TwoGreySuits believes that a compensation program, properly conceived, should include a communications component. If employees are made aware that the company has set their compensation levels competitive with the external market and has classified the positions internally to ensure internal equity, then effective communication should deal with these issues. Some employees may not be satisfied with the information, however, they will have to acknowledge that the company has done its’ homework. When employees are fixated on their salaries, it is usually a sign that there are other concerns management should be addressing. It’s a reasonably clear signal that employees aren’t engaged with the company and, while employees certainly have a role to play, responsibility for employee engagement rests primarily with management and supervisors.
An employee presented me with an offer from another company which is much higher, and says she will stay if I match it. I don’t like being put in this position. What should I do?
There are many, many factors that could be at play in this situation. Are the jobs comparable or does the new opportunity represent a promotion? When a company offers a salary well above market, there are usually extenuating circumstances. What are the working conditions? Is unpaid overtime expected? Is shift work involved? Are the benefits comparable to the current job? It’s not unusual that employees are, from time to time, enticed out of companies for higher wages. You shouldn’t be held up for ransom, particularly if you feel you are market competitive. A full and frank conversation with the employee during which all the facts are uncovered could very likely result in them changing their mind. However, our experience says that when an employee has decided to leave, and has been presented with another offer, even if they stay, they will end up leaving at some point.
It is not unusual that premiums are offered for skill sets that are in high demand and short supply. You have little choice but to “meet the market” if you are going to attract the people you need with the right skill sets but make sure you analyze your market thoroughly before jumping in.
There are surveys and reports such as The Conference Board of Canada’s Annual Compensation Review that will provide you with projections for the average salary increases for various groups of positions. This information is reliable for purposes of budget planning.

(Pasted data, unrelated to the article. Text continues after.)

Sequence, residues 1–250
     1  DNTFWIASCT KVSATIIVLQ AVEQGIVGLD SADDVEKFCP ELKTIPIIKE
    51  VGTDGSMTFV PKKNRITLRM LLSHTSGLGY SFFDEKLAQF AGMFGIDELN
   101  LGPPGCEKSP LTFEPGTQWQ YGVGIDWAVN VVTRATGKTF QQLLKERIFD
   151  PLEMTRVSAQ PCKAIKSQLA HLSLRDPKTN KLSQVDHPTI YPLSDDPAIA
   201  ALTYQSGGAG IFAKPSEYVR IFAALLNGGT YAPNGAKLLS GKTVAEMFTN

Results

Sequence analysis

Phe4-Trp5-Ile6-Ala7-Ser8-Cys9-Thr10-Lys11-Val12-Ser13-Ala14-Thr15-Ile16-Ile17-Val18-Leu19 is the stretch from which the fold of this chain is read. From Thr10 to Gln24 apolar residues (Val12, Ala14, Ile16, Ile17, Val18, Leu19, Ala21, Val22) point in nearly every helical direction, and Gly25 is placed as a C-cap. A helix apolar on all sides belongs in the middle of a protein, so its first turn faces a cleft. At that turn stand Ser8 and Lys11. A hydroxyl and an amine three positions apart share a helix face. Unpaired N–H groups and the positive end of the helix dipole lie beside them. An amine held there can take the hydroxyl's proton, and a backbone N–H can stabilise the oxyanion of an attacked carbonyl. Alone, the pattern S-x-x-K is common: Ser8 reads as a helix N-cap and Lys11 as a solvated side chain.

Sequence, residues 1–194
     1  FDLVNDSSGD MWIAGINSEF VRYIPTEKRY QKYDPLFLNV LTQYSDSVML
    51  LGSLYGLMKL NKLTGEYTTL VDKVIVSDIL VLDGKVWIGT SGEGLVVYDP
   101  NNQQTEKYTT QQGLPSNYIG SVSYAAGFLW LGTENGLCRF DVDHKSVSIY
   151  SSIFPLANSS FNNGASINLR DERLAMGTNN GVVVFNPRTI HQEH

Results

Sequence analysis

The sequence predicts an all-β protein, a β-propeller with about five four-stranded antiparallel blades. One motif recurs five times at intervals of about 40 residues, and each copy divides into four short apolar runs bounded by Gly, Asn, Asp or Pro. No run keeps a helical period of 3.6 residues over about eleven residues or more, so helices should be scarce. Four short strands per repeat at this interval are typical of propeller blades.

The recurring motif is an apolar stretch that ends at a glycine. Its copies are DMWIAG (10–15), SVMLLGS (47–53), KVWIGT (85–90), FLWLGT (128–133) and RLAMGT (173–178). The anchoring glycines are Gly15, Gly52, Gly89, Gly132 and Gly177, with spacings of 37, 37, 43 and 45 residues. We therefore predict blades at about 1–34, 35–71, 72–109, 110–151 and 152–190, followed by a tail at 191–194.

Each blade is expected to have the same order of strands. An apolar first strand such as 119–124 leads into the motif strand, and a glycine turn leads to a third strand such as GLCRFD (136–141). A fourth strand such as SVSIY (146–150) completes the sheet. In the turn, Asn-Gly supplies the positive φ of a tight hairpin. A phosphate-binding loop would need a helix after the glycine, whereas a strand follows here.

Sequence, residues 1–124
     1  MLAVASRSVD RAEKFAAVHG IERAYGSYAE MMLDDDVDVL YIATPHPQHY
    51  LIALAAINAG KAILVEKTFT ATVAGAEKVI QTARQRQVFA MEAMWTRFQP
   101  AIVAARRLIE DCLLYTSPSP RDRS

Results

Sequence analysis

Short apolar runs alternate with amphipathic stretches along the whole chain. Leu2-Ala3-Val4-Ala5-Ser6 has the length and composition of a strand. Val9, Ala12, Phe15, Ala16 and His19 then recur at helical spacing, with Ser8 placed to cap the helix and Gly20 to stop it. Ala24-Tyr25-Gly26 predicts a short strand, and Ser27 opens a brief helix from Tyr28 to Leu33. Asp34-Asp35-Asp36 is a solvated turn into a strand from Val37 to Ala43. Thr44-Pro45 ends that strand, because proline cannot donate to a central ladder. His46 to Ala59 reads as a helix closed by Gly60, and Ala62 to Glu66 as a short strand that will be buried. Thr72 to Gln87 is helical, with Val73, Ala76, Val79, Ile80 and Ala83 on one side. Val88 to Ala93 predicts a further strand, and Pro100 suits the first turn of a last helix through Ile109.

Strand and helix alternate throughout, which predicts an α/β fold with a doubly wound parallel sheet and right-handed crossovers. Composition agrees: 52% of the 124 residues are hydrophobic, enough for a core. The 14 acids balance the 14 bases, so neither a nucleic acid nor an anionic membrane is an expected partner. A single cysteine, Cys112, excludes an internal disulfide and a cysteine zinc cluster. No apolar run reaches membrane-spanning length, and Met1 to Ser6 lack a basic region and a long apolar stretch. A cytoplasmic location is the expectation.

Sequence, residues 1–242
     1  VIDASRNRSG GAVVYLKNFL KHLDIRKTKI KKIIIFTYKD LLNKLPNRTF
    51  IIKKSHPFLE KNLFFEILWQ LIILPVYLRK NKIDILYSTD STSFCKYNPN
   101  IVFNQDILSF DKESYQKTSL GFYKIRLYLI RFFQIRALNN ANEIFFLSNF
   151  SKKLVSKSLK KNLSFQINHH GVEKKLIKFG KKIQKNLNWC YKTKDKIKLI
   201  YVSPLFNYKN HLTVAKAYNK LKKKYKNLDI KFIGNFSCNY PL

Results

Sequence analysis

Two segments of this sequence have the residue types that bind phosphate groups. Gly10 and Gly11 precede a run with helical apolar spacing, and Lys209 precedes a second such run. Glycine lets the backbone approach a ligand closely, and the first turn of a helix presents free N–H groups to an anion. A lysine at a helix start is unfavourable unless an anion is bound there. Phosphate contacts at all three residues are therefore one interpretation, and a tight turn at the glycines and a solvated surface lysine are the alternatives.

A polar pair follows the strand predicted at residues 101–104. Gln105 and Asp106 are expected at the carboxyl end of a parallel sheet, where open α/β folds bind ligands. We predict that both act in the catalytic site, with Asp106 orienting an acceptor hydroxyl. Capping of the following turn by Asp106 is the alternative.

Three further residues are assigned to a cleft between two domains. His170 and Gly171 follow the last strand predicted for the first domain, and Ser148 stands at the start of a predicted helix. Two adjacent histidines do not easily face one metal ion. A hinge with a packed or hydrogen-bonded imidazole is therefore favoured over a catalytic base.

The answer is yes, unless you are operating under a collective bargaining agreement. This is a very drastic measure, however, and you should carefully think through the alternatives, perhaps with some expert guidance, before making the final decision.
Employees are not going to be receptive to a decrease in pay unless there is something in it for them. Companies don’t generally save their way to success and, if this is really short term pain for long term gain, you may be able to entice people to stay with some innovative approaches to indirect compensation. You might want to seek the advice of a qualified compensation consultant to help you.
The Human Resource function normally handles the company’s pay processes. If there isn’t a formal HR function, this responsibility usually falls to the Accounting department. Salary increases are normally recommended by the employee’s immediate superior, approved by the next level and audited for conformity to accepted practice by Human Resources or Finance.
All the information, tools and direction required to create a compensation program are contained in the Pay & Benefits section. If you don’t have the time to take on the project, you may want to engage a compensation consultant to assist you. But remember, you’ve been given all the tools so your reliance on a consultant should be minimal.
There are really only two ways to obtain this information. First, you can participate in a compensation survey. This approach has at least two advantages; the survey will usually be quite specific to your industry and, while there is some effort in compiling and submitting your information, the survey results will be free to participants. Secondly, you can purchase any number of surveys in the open market. They are not inexpensive and you should do your research to determine if one or more exists for your industry segment.